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Inclusion is the key to true equality in tech firms, says Fujitsu boss

By Rachel Martin

Published 17/11/2015

Fujitsu chief executive for UK and Ireland, Regina Moran
Fujitsu chief executive for UK and Ireland, Regina Moran

Having a 50% female workforce is only half the battle when it comes to achieving equality in the workplace, technology boss Regina Moran has said.

The CEO of Fujitsu UK and Ireland told business leaders at a gender conference that equality is not just a case of balancing numbers. Instead, women have to feel included in the workplace.

"Diversity is just kind of a numbers game," she said. "So you've got to where 30% of your workforce is female but the really tricky bit is inclusion - do people feel included? Do they feel that they have a voice and that their perspective is valued? And that's actually a cultural change that organisations have to make."

Fujitsu was named Business in the Community's Responsible Business of the Year this year.

And it has a target of achieving a 30% female workforce - considerably higher than the engineering sector's average of just 7%.

Ms Moran was speaking at an event, Gender Diversity: Promoting Good Practice in STEM Industries, last week.

The company has several diversity groups, including groups for disability, cultural diversity and a women's network, in a bid to encourage discussion and inclusion for lesser represented groups.

Ms Moran said: "Even though I don't like quotas, 30% is the figure that we are aiming for. I think that it takes a bit of both (quotas and fostering inclusion). If you don't have the people to begin with then it can't be a diverse workforce, but looking at the numbers by itself is just not enough. The hardest bit is the second bit, inclusion, and that goes across the whole diversity spectrum, not just for gender.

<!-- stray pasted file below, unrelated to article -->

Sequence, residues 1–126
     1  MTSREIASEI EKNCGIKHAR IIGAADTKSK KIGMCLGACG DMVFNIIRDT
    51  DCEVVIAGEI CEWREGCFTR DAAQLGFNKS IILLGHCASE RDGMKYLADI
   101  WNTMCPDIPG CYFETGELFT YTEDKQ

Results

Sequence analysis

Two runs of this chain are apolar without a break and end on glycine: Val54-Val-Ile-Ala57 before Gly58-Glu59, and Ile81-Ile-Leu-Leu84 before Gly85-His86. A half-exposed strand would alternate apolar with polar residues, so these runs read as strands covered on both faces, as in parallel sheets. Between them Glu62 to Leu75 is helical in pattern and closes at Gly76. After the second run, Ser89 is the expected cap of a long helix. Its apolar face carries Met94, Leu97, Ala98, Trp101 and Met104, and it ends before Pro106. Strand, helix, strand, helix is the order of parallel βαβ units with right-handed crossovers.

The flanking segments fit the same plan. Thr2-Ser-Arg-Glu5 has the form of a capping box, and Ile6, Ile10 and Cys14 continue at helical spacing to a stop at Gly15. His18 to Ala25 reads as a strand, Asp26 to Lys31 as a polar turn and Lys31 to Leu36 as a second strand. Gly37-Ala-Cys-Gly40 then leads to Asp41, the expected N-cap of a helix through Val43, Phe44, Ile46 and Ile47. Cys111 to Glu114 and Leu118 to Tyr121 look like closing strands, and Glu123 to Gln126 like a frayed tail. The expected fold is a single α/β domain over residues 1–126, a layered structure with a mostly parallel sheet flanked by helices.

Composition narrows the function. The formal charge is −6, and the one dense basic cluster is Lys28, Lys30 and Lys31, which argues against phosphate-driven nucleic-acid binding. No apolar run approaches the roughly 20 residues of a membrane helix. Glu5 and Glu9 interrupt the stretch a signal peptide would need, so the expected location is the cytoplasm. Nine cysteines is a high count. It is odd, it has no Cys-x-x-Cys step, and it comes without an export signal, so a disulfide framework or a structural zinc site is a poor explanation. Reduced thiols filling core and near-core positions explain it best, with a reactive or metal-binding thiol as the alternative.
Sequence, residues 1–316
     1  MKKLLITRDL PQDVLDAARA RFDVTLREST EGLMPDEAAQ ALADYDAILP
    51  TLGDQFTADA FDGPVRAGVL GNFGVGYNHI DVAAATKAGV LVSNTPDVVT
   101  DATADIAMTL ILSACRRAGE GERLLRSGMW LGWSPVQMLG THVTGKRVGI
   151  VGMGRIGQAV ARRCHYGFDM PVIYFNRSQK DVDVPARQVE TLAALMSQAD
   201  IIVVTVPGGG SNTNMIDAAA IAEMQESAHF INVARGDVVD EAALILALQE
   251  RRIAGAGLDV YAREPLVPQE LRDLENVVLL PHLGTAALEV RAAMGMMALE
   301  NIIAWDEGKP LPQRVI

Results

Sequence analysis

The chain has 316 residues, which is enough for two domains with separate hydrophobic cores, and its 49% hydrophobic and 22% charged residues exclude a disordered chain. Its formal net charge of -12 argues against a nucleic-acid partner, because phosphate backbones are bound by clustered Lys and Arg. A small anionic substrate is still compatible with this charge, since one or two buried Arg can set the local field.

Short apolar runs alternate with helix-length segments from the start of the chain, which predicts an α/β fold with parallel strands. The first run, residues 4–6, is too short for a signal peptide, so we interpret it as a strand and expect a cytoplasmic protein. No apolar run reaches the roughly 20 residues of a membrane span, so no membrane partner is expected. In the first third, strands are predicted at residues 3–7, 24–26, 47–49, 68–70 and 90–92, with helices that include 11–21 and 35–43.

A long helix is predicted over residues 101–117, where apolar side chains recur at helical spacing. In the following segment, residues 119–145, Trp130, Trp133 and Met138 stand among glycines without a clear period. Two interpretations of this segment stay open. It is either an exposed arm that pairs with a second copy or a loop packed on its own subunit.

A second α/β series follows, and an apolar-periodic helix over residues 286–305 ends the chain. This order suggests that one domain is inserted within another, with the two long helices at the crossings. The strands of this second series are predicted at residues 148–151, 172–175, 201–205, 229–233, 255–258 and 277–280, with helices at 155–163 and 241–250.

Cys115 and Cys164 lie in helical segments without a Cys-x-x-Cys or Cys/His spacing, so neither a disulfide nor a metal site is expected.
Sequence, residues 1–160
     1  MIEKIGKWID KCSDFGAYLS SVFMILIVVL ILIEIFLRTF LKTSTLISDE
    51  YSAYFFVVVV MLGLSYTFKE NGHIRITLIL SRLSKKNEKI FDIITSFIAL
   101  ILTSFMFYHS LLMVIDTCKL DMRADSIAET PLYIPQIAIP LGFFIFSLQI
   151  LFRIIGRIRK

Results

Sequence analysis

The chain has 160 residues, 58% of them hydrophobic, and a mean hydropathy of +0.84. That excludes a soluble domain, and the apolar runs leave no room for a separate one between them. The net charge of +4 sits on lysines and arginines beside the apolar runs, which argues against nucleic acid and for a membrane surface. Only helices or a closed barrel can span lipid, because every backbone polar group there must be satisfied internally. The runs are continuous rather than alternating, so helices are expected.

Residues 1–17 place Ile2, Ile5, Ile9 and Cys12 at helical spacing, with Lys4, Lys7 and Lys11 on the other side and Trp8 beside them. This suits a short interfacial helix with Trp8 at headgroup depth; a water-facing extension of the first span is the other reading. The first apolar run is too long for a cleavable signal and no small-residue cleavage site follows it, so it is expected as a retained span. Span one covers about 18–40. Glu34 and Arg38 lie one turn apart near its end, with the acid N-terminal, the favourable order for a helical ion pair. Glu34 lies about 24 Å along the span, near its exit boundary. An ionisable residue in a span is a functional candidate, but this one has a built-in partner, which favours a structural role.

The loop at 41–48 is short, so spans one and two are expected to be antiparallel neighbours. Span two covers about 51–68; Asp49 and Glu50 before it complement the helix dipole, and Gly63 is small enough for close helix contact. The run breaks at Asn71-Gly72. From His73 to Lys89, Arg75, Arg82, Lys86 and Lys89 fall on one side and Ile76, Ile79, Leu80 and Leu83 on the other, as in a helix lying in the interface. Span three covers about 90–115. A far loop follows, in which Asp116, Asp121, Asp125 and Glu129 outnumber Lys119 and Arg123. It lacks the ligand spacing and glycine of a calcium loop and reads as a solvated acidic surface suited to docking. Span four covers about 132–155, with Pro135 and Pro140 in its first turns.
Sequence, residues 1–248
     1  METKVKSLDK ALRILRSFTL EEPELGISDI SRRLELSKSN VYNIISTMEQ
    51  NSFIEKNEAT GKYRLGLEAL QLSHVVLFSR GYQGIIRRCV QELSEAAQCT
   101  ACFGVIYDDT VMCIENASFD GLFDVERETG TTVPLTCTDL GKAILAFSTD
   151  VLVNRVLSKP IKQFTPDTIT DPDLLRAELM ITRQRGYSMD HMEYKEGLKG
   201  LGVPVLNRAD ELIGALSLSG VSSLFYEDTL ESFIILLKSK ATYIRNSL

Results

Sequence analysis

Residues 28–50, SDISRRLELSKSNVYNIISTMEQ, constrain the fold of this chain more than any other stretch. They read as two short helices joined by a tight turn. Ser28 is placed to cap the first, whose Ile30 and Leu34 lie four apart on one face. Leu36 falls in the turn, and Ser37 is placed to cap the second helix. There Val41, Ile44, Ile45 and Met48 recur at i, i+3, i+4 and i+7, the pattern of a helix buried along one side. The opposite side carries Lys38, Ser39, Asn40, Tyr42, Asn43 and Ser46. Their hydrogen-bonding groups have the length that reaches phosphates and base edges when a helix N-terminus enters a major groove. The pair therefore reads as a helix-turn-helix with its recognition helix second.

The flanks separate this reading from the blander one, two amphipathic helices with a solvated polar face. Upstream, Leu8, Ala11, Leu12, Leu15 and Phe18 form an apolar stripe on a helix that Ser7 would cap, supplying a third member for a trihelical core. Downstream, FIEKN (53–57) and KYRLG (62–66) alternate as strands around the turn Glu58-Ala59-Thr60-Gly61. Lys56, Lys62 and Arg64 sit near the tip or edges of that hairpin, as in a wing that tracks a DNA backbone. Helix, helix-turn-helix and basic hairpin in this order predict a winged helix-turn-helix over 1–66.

"A tag-line we use, which one of the diversity groups coined is, 'We believe in the power of difference to make a better future for everyone'.

"The inclusion point is for anyone sitting around the table, regardless of ethnicity, sexual orientation, gender, whether they have a disability or not, or mental illness, that they feel that they are a valued person in the context of the group and that they can make a valued contribution."

Ms Moran - who began her career as an engineer and worked her way up through the ranks of Fujitsu - said embracing diversity could pay dividends for businesses too, as a wider talent pool could lead to more creativity and a wider choice of professionals.

She also emphasised the need to inspire women from as young as five to seven years "when kids don't believe there are any barriers".

"We need to ignite the desire in very young children, first of all to follow that route to study, so you have to start very young," she said.

"The trouble with the way the education system flows is once you've checked out and taken a different path, it's very hard to change paths. At that age they think anything is possible but then teachers and the education system and the media get in the way of that and change their perceptions."

Belfast Telegraph

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